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Special Issue Article
Partial Oxidation of Methane to Syngas over Pt/Rh/MgO
Catalyst Supported on FeCralloy Woven Fibre†
Z. Ma, P. Ouzilleau, C. Trevisanut, C. Neagoe, S. Lotfi, D. C. Boffito, G. S. Patience*
Department of Chemical Engineering, Polytechnique Montreal, C.P. 6079, Succ. CV Montreal,
H3C 3A7, QC, Canada
* Corresponding Author: G. S. Patience
email: [email protected]
This article has been accepted for publication and undergone full peer review but has not
been through the copyediting, typesetting, pagination and proofreading process, which
may lead to differences between this version and the Version of Record. Please cite this
article as doi: [10.1002/cjce.22428]
Received 23 June 2015; Revised 21 August 2015; Accepted 15 September 2015
The Canadian Journal of Chemical Engineering
This article is protected by copyright. All rights reserved
DOI 10.1002/cjce.22428
This article is protected by copyright. All rights reserved
Integrating a high pressure syngas step with Fischer-Tropsch (FT) in a single vessel reduces investment and operating costs to synthesize GtL liquids.
Methane catalytic partial oxidation (CPOX) to produce syngas for FT is an
economic opportunity for micro-refineries. Many metals and metal oxides selectively convert natural gas to CO and H2 but they also form coke, which must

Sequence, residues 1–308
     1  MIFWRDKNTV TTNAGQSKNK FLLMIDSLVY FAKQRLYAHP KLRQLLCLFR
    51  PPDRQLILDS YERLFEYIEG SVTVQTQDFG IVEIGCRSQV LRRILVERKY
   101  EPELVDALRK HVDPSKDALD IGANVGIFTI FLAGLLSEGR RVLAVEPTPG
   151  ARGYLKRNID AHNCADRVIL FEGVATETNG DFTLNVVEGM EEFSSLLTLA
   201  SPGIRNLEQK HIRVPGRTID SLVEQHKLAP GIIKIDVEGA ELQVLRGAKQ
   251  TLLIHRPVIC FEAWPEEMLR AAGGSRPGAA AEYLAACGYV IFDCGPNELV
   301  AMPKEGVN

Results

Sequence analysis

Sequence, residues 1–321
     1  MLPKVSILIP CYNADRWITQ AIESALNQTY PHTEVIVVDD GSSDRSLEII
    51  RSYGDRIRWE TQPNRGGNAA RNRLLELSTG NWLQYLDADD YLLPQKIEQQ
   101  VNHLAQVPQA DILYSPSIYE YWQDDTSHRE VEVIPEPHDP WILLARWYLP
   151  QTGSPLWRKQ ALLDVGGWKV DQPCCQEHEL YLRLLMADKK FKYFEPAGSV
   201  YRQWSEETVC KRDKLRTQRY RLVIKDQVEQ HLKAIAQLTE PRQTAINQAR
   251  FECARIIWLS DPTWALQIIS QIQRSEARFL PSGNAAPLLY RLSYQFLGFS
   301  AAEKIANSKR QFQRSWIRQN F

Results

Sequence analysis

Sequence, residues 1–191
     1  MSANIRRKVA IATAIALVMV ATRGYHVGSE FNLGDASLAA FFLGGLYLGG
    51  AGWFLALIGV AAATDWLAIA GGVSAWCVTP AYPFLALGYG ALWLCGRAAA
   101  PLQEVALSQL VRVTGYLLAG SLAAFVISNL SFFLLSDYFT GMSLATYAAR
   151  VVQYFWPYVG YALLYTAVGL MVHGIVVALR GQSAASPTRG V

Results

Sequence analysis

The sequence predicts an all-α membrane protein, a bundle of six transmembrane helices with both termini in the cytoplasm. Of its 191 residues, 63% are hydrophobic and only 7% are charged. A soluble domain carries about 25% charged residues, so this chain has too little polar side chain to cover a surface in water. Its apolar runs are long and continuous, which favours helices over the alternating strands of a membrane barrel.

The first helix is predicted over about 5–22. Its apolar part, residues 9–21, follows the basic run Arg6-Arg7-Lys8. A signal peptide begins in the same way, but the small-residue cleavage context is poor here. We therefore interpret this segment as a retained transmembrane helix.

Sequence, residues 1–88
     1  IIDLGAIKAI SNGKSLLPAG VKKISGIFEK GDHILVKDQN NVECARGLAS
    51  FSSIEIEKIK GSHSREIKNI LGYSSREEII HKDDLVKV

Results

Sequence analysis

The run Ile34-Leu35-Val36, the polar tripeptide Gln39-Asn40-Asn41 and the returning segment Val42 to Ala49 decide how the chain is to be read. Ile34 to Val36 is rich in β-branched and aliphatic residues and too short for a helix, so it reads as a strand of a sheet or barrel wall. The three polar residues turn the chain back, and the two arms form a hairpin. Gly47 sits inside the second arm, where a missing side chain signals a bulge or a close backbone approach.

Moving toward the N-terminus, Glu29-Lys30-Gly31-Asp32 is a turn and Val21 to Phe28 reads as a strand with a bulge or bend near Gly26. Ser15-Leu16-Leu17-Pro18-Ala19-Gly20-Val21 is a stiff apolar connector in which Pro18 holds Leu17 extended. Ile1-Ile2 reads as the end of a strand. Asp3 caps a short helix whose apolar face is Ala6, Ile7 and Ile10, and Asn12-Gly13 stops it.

be removed intermittently otherwise it deactivates the catalyst and can foul
the reactor and process lines. Here, we prepared a mass fraction of 1 % Pt/Rh
(Pt/Rh = 9) catalyst supported on MgO over FeCralloy woven fibre via Solution
Combustion Synthesis. At 900 ◦C, from 0.1 MPa to 2 MPa and with a 2:1 feed
composition of CH4 to O2 , we consumed all the oxygen and obtained a H2 /CO
ratio of 2 (ideal for FT). The catalyst at low pressure and a 0.1 s residence time
converted 90 % of the methane at 90 % CO selectivity. At 2 MPa, we obtained
a CO yield of 50 % (<88 % conversion and 57 % selectivity). Thermodynamics predict that less than 5 % coke forms below 900 ◦C. At high pressure and
short residence time (0.1 s), the coke yield (presumed to be coke crystallites)
was 24 %. Increasing the residence time to 0.3 s reduced the amount of coke by
33 % because it is metastable. This article is protected by copyright. All rights reserved
Keywords: catalytic partial oxidation, methane, syngas, FeCralloy, Pt, Rh,
MgO, coke, thermodynamics
EIA (U.S. Energy Information Administration) projects a 56 % increase in
the world’s energy consumption by 2040, with fossil fuels accounting for nearly
80 % of it [1]. In North America, natural gas, including tight gas, shale gas
and coal bed methane, is the fastest-growing carbon source. It competes with
coal as the world’s second largest energy source (Figure 1). The world relies on
liquid fuels as the predominant energy vector, but environmental, geopolitcal
and macroeconomic events greatly affect their price [2]. This motivated many
nations to develop alternative solutions to produce liquid fuels [3, 4, 5], such as
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gas-to-liquids GtL products [2]. Natural gas is as abundant as oil and coal but
most of it is trapped in hydrates underneath the ocean or in remote regions of